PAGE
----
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Incidents underscore that life is fleeting, our choices are not
October 14, 2013 - Paul Giannamore
Life deals reminders that it is very finite and we know not when it is going to change, or end.
We walked out of our news meeting in the editor’s office Friday morning when the world boomed and the fortress Herald-Star building shook and rattled. It never does that, not when trains go by five feet from the back door; not when rare earthquakes hit Ohio.
It was the lives of a family in Follansbee changing forever. An apparent gas explosion took the life of the teen-aged daughter, hurt the father and wiped out the home.
The family lost a member, and all the stuff that a home provides to give comfort is gone, too. Remember that when the community comes out to raise funds and assist the Mozingo family. There but for the grace of God…
On Saturday, the point was underscored with a similar house explosion in Moon Township.
A story on the AP today told the tale of a terminally ill father giving his daughter away at her wedding from a gurney in the church. I couldn’t read the second paragraph.
The Boss (at Home) may actually read this post when her very busy schedule allows her a moment today. Or maybe it won’t. She is doing a fantastic new job at the university and I’m quite proud of her. Maybe my thoughts here could explain why I hugged just a little more this weekend. And why I freaked out just a bit when Southwest’s Saturday morning Pittsburgh International flights were using THAT landing pattern, the one where the aeronautical chart says “descend to about 40 feet and turn right over Pablo’s garage). And why I wanted to be alone with my thoughts a couple of times.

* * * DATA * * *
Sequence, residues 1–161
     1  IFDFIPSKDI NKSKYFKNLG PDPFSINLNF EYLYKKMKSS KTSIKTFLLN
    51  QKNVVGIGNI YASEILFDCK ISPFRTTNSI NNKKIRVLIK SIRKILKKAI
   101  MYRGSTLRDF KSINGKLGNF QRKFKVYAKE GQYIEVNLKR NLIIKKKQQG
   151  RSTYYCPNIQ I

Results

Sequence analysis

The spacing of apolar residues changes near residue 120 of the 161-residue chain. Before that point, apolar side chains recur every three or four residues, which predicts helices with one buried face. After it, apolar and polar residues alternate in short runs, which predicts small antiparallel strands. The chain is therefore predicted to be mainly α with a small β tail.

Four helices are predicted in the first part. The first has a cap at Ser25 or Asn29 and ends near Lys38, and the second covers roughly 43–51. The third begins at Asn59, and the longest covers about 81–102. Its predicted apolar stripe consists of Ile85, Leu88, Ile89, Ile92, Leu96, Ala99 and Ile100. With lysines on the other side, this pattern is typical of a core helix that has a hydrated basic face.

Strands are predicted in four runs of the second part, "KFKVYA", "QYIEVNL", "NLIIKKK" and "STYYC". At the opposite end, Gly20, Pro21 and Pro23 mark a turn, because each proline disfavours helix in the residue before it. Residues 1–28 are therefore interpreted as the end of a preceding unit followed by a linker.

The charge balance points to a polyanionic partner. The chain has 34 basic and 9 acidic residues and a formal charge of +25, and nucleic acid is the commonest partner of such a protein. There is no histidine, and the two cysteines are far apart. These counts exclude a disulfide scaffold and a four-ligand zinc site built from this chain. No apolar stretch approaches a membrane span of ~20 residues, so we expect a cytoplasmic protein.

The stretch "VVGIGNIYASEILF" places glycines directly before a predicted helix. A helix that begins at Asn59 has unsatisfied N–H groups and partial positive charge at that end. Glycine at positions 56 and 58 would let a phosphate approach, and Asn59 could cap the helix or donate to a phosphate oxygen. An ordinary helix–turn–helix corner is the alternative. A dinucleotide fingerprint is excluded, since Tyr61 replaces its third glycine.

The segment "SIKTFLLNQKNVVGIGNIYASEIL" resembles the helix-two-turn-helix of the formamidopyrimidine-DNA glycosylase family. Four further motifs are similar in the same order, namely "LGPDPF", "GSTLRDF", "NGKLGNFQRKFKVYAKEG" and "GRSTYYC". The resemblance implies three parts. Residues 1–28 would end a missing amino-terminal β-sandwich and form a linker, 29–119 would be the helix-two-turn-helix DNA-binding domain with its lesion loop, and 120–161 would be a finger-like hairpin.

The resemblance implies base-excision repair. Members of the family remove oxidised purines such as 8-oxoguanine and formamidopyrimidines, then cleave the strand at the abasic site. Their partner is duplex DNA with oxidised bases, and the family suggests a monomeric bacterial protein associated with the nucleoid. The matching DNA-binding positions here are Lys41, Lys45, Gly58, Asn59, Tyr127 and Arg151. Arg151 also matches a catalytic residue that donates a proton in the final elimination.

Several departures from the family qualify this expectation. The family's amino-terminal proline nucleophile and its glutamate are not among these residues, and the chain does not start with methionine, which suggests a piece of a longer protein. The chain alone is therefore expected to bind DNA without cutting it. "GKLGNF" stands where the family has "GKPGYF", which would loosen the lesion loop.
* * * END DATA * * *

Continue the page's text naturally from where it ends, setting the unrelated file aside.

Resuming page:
It is hard enough to deal with situations where an illness has some potential to change or end your life. There is time to think.
Anyone who has faced a crisis knows that I mean. You beg and plead with God. You change your ways. And then, time goes by and maybe that feeling fades a bit. You start growling in heavy traffic, or griping because the office is too hot or your family didn’t do the dishes. Really, really good people get the message and change for the better, but schmoes like yours truly need the reminder to smack them between the eyes every so often.
There is not time to think in so many occasions. Do we really want the last thought a friend or family member has of us to be the scowl over the misplaced dish towel or the lawn that didn’t get mowed or the grumbling in traffic? Or just generally being the southbound end of a northbound horse? Take it from one who often is that end of the horse, it's easy to slip up in attitude.
We have the choice to set every moment of every day the thoughts others have of us. I’m not saying to worry about what others think of us or to live our lives worried about popular opinion of us. Frankly, a lot of people’s opinions really don’t matter a hill of walnut shells in the function of our daily lives. Doing so would mean you stand for nothing because standing for something sometimes makes others uncomfortable or downright angry.
No, what I'm saying is that the little things really just don’t matter all that much. Knowing that helps us with the attitude with which we approach every faced of our daily lives, including those who disagree with us.
And, if we live a life that recognizes that we’re all one flip of a light switch or one bad driver away from not having a life anymore, or not having the life we enjoy anymore, it should change us.
And maybe someday, in my case, I won’t need smacked between the eyes by reality’s reminders to remember that.
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